4 Apr 2010

Grassroots Power and Non-Market Economies

An Interview with Beverly Bell

Beverly Bell is program coordinator for Other Worlds, an international multimedia education and organizing collaborative. She is the author of Walking on Fire: Haitian Women’s Stories of Survival and Resistance. She most recently wrote the report, “Who Says You Can’t Change the World? Just Economics and Societies on an Unjust Planet.”

Multinational Monitor: You write in a recent report that there are historically unparalleled levels of people’s mobilization. What do you mean by that?

Beverly Bell: There are primarily two factors behind the current spike in people’s mobilization. One is the level of crisis that people around the world are facing, economically and environmentally. Second is the Internet, through which movements have been able to communicate and unite to a degree that is historically unprecedented.

Some of the qualitative changes are, now there are people organized across many sectors that have never chosen to step out into the popular movement before. For example, indigenous peoples in the last 10 years or so, in Latin America especially but in many parts of the world, have made a determination that they could no longer organize just as indigenous — itself a remarkable achievement — but had to become part of the so-called anti-globalization movement.

People guarding traditional societies are realizing now that they have to actively defend their traditions. There are now extraordinary levels of organizing to save non-market economies, to preserve traditional ways of living, healing, community values, agriculture.

And people are making links and connections that have never before even been imagined, offering new possibilities to build popular power. My reigning favorite example of unsuspected allies comes from the anti-incinerator movement, which is uniting with garbage pickers, who effectively salvage reusable garbage, and Teamsters, who see better job opportunities in recycling than incinerating.

MM: You referenced the protection of traditional lifestyles and communities and resources. Protection against what?

Bell: Globalization is challenging in very devastating ways people’s livelihoods and lives. They’re losing their land and the natural riches that reside in and on those lands. People are losing traditional agriculture because their lands are being taken over by multinational plantations and being turned into mono-crops. Traditional people are finding their communities destroyed as they are pushed off their land, often for development projects, or they are forced into the cities for jobs because of worsening poverty in rural areas. Many societies that exist outside of market structures, that have never been penetrated by cash economies, are suddenly finding themselves under threat by the so-called free market.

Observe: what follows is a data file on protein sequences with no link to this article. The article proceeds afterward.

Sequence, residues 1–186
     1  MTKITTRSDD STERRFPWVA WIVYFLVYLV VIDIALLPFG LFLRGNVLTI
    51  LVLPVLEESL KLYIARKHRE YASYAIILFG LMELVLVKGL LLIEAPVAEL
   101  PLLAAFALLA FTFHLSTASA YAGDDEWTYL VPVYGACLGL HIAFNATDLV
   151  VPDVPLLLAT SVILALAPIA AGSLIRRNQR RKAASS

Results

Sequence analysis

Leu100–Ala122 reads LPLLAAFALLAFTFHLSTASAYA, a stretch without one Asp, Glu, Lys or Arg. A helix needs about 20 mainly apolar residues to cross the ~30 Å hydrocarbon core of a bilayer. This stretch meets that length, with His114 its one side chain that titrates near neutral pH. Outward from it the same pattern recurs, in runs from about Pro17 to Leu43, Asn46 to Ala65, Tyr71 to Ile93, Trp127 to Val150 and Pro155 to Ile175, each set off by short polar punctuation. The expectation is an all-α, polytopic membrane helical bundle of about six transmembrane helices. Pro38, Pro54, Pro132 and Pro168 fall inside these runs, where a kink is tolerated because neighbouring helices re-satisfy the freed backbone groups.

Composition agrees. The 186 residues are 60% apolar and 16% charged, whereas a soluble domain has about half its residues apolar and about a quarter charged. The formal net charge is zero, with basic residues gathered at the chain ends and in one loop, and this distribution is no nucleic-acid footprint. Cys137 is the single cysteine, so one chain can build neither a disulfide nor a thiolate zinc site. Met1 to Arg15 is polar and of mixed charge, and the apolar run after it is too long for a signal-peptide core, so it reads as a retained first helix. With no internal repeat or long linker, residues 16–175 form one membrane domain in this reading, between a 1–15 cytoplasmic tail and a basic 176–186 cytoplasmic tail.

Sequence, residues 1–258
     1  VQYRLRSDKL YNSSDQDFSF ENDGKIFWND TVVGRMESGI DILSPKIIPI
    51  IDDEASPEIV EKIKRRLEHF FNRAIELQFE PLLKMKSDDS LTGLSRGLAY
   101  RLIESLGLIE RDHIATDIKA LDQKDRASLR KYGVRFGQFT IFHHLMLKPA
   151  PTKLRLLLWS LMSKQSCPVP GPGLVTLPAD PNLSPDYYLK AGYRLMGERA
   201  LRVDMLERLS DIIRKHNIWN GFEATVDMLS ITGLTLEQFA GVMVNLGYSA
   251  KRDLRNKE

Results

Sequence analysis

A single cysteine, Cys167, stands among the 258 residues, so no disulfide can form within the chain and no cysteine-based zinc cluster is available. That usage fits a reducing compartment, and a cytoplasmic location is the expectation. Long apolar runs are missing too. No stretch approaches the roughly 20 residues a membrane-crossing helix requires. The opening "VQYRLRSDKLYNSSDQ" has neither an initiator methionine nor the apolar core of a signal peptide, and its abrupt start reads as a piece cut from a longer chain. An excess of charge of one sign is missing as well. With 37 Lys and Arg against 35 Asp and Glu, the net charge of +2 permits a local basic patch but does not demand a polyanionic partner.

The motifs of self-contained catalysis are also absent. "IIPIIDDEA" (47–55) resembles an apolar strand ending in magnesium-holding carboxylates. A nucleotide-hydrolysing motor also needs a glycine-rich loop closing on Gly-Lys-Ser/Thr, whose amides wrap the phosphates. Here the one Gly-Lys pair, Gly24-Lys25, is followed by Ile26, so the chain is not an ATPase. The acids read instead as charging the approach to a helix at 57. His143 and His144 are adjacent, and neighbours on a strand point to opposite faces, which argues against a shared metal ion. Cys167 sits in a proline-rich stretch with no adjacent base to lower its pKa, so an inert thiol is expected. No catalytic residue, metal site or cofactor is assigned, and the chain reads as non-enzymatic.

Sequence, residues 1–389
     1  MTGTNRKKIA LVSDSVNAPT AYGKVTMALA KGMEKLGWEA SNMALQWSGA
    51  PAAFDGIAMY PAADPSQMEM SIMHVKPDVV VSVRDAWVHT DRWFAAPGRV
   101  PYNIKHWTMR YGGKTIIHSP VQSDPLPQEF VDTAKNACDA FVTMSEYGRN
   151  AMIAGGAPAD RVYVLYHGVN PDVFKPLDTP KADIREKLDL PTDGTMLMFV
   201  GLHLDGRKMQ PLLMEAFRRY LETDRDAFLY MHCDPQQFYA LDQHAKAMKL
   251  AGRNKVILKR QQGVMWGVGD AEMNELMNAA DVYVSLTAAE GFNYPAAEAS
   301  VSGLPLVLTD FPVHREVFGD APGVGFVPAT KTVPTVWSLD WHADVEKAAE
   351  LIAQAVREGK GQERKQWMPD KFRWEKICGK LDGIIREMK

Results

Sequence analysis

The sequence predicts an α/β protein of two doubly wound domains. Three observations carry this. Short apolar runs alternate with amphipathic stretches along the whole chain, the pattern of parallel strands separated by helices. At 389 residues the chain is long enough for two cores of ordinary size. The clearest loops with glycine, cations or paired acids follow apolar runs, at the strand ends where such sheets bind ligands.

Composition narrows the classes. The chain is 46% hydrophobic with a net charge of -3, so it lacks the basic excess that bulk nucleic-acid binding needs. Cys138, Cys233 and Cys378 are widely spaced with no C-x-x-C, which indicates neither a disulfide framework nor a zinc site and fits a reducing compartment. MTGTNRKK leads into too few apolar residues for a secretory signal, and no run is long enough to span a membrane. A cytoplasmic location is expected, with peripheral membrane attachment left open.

To give one example: in Mali, West Africa, communities who have relied on gifting — a cultural practice based on giving without expectation of receiving back, as a way to take care of each other for the survival of all — are suddenly finding that they need cash in ways they never did before, or they perceive they need cash to purchase things they never felt they needed before. This is thanks to advertising and thanks to cost-recovery requirements to pay for health and education, part of World Bank policies. This is eroding their ability to live through gifting; suddenly gifting is coming into competition with the need to hoard cash. Increasingly, people in many societies are realizing that they need to organize to protect what they once had assumed would always be theirs.

MM: A lot of what you describe are traditional ways of doing things outside of the market. What innovations are occurring in non-market spaces for interaction and economic production?

Bell: Here’s a case where tradition meets a globalized world: The food sovereignty movement is a movement largely comprised of small-family, peasant and landless farmers. A lot of what they are doing is fighting the World Trade Organization and its role in agriculture, and the World Bank and International Monetary Fund and their role in destroying local agriculture through the spread of corporate production. But small producers are also realizing that seeds — for them, a fundament of life that they could rely on from one year to another to grow the food that they needed — must be not just saved, but shared. Seed-sharing is now an element of most international peasant gatherings. You will not go to a gathering of Via Campesina — which is a coalition of more than 100 small producer organizations from around the world — without finding a seed-sharing, where you give your ancient corn for the seed of my ancient bean. Together, people are protecting those seeds against Monsanto patents and against genetic modification. In the process, there has grown a beautiful reverence and organized guarding of something that maybe 30 years ago was completely taken for granted as a non-market good in the community.

MM: To what extent are communities doing this kind of organizing self-consciously trying to protect space or create space outside of the market?

Bell: In the case of most indigenous movements, and in the case of organized small producers, fisher folk, pastoralists and campesinos, people are typically extremely explicit in their intentions. They see the threat of corporate-dominated markets coming upon them with the force of a Category 5 hurricane. They know that if they don’t act, their potential to survive is going to be quickly wiped out.

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